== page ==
Andanar to bloggers: Follow journalists’ code of ethics
MANILA, Philippines - Social media users, including bloggers, who may want to be accredited by Malacañang are requested to abide by the journalist’s code of ethics, Communications Sec. Martin Andanar said yesterday.
Andanar made the statement after he explained the provisions of Presidential Communications and Operations Office’s (PCOO) Department Order (DO) No. 15 or the Interim Social Media Practitioner Accreditation that opens the gates of Malacañang to social media people, who must be at least 18 years old and a Filipino who maintains a social media platform with 5,000 users.
In a radio interview, Andanar pointed out that the mainstream media – who come from traditional newspapers, television and radio networks, as well as online news sites – are different from social media bloggers.
“Again, they are not there as journalist(s). We regard the journalists as professionals, but we will encourage them to observe journalism ethics,” he said, referring to social media platform users and members of the Malacañang Press Corps.
“Now, well, of course, what is basic is the right information, basic information such as when, where, what, who, how… those are the basics – as I said, (if their report) is terribly wrong, then their applications will be in jeopardy,” Andanar said.
Andanar was thrust into the spotlight anew after some members of the Malacañang Press Corps raised concerns over the possible bias which the PCOO may give to the social media bloggers, many of whom were identified as supporters of President Duterte during the last elections.
Andanar signed the DO last Tuesday, following concerns on the coverage of bloggers and Facebook account users of the events at the 50th founding anniversary celebration of the Association of Southeast Asian Nations (ASEAN), and the meeting of foreign ministers on Aug. 2-8.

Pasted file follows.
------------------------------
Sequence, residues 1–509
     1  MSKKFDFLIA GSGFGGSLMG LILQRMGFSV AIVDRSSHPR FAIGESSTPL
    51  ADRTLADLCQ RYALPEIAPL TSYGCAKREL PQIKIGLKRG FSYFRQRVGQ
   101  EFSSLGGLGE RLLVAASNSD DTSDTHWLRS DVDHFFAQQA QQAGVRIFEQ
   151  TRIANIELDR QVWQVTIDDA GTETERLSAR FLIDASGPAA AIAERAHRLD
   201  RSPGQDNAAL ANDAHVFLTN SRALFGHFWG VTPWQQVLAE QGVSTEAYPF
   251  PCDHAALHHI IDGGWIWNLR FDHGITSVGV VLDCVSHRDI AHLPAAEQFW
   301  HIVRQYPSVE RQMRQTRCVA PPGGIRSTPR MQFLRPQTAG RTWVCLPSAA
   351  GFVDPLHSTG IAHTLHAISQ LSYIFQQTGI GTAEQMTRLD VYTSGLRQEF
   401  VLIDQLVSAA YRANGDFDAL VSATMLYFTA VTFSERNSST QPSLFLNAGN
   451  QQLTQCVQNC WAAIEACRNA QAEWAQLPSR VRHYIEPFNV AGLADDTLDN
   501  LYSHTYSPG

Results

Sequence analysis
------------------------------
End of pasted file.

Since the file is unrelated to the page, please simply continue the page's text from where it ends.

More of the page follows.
Andanar said the social media users were tapped not as journalists but as individual bloggers about the events of the President. Both critics and supporters of the President can apply for accreditation.
“Bloggers or the social media practitioners are given accreditation not as journalist(s), not as members of mainstream media and not as Malacañang Press Corps,” he said.
“If they apply, whether pro-Digong, whether yellow or whether you are apolitical, or just a mere political observer, you are all welcome,” he said.
The PCOO, according to Andanar, will review if applicants’ past blogs and write-ups are consistent with the present.
“So we don’t discriminate in terms of political color, political leaning,” he said.
The other day, Communications Assistant Secretary for Policy and Legislative Affairs Kris Ablan said the use of foul language is not considered in Malacanang’s plan to accredit social media users.
“We’ll leave it to SMO headed by Assistant Secretary (Mocha) Uson, to decide on that,” Ablan said, referring to the Social Media Office, in a press briefing where he was grilled over how the agency would implement the policy vis-à-vis the coverage of the mainstream media.
The SMO was created last month under PCOO DO No. 13.
“I have brought up with the office of Asec. Uson in the accreditation process that they will sign some kind of terms and conditions and maybe – although it’s not the policy – it might be in the terms and conditions that they should not use profanity. But that’s still up to her,” Ablan explained.
Ablan also discussed the reasons when the agency may revoke the accreditation given to social media individuals who might abuse their authority.
Ablan cited Section 6, which provides that accreditation “may only be withdrawn, cancelled or suspended for any of the following: abuse of rights and privileges extended by the PCOO and putting his or her accreditation to improper use.”